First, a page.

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A Deficit Commission Progressives Can Get Behind

In an outline that will surely never come across the desks of the Bowles-Simpson deficit commission, a panel led by Barney Frank and a bipartisan group of lawmakers determined a way to cut military spending by $1 trillion dollars over the next 10 years.

The Sustainable Defense Task Force, a commission of scholars from a broad ideological spectrum appointed by Frank, the House Financial Services Committee chairman, laid out options the government could take that could save as much as $960 billion between 2011 and 2020.

A report from the commission pointed to options including the elimination of programs, a reduction in weapons stockpiles and a reduction in troop sizes and deployment in order to shrink the growth.

“Leaders from the left, right and center agree on two major policy changes: The U.S. deficit must be reduced and the Pentagon budget can reverse its exponential growth while keeping Americans safe,” said task force member Paul Kawika Martin, policy and political director of Peace Action, a grassroots peace organization.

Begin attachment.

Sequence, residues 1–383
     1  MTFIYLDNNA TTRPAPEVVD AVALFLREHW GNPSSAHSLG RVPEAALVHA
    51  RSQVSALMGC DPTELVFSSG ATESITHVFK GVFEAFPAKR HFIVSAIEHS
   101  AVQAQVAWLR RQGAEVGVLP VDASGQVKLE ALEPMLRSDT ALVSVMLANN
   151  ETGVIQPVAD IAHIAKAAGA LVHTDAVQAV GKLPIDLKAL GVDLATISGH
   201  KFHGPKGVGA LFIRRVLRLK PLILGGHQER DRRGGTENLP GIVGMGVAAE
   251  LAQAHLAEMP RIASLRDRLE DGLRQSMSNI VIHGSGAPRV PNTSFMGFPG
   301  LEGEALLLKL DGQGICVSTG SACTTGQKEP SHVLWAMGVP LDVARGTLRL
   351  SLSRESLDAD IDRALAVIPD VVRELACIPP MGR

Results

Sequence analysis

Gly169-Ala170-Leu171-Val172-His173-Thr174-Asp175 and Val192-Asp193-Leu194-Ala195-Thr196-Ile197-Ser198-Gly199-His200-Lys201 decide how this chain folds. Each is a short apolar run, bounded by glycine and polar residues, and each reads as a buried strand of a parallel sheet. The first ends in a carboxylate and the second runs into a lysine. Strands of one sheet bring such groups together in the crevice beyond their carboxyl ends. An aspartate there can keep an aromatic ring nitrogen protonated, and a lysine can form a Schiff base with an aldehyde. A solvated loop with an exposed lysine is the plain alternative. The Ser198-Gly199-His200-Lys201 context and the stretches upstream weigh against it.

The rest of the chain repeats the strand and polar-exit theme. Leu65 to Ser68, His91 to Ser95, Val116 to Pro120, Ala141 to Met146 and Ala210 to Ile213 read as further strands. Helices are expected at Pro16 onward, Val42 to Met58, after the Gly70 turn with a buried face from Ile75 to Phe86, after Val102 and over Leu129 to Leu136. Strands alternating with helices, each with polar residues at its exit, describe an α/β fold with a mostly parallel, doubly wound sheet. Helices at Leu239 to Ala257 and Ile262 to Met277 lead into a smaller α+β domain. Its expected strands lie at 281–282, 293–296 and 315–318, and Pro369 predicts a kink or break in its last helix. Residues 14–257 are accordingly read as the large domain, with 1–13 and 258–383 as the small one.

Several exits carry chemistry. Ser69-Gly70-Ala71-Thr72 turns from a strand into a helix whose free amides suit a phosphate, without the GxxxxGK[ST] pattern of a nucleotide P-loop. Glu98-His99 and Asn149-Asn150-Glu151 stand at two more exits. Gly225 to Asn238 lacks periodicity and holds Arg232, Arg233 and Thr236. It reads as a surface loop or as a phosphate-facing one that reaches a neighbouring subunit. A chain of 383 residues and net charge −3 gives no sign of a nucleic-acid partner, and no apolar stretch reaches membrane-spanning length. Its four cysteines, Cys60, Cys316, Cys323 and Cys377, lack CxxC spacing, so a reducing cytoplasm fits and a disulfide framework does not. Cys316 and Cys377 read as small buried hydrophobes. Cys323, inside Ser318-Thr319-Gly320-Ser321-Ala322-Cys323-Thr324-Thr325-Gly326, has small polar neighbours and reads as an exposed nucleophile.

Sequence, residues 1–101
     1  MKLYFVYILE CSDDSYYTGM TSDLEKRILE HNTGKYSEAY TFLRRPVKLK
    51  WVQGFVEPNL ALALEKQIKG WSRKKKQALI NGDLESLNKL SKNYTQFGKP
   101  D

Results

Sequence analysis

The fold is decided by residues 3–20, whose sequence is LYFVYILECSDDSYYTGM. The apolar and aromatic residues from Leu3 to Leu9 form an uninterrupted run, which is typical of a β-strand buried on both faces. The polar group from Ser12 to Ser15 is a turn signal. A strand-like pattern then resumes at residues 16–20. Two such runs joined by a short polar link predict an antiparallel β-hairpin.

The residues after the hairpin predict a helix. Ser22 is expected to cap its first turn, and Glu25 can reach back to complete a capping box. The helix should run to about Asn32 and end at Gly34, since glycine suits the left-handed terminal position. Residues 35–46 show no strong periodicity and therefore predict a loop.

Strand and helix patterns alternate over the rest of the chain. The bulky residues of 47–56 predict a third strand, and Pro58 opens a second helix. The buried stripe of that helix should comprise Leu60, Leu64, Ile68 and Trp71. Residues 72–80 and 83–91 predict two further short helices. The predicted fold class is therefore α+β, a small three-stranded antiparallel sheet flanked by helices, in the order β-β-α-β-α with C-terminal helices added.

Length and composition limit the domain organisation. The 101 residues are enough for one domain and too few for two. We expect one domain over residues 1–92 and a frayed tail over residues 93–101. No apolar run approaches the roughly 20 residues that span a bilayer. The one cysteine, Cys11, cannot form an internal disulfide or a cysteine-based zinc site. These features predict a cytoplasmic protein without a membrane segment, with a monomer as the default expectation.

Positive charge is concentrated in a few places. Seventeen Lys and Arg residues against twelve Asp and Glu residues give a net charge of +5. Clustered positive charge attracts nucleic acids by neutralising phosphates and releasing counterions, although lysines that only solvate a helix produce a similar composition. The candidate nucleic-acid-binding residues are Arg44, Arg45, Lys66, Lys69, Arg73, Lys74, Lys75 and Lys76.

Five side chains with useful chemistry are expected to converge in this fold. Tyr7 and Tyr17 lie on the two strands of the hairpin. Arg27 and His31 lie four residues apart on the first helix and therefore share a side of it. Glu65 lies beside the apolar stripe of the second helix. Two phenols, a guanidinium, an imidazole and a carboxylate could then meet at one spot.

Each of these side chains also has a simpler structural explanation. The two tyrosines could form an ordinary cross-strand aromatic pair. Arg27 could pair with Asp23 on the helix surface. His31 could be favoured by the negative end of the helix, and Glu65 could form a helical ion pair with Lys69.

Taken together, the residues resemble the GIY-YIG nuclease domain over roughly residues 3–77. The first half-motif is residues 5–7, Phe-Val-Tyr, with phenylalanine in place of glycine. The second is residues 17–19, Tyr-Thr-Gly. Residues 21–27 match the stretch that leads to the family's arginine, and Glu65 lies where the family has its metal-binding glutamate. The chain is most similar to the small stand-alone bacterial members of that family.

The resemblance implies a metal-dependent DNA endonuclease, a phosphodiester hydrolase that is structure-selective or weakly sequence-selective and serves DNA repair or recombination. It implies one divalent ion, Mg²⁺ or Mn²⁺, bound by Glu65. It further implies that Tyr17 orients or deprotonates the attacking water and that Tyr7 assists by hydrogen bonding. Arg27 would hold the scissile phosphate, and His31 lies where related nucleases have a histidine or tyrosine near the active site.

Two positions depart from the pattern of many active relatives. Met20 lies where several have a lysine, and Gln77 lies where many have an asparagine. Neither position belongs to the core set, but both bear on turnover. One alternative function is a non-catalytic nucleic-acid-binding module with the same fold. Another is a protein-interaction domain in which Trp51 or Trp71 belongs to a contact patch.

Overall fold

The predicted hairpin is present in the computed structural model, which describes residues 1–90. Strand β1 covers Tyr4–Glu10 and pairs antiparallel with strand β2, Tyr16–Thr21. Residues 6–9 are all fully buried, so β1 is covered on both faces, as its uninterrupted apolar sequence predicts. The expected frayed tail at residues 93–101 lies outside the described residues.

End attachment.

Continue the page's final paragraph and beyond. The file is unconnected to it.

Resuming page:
Keep in mind that this is probably a conservative estimate of the trimming of the military budget, because it doesn’t fully address the deployment of US troops in over 100 countries around the world. But it seeks to get at the largest source of discretionary spending in the budget, with over 65% going to the military. And lopping a trillion dollars off of future deficits will create a far more sustainable budgetary picture, at the cost mainly of executive salaries in the defense industry. Maybe those contractors will have to diversify their product lines and put the ingenuity into more socially useful enterprises.

This proposal, which Frank, Ron Wyden, Walter Jones (R-NC) and Ron Paul (R-TX) will deliver today in a press event, has I would say no chance of just passing Congress in its current form. But having this debate out in the open is important. At least a small sliver of official Washington doesn’t consider military spending magical spending that has no cost to the bottom line. When Marcy Wheeler confronted Michael O’Hanlon with this over the Afghanistan war at the America’s Future Now conference this week (saying that “every troop in Afghanistan is one less teacher educating our children”), O’Hanlon could only respond “I’d like to do both.” But if the costs are finite, the question of what improves our national security, trying to bring stability to a country disinterested in our presence or educating our children to compete globally, must be asked. Frank and his commission are at least asking the question.

UPDATE: More from Spencer Ackerman.

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David Dayen

David Dayen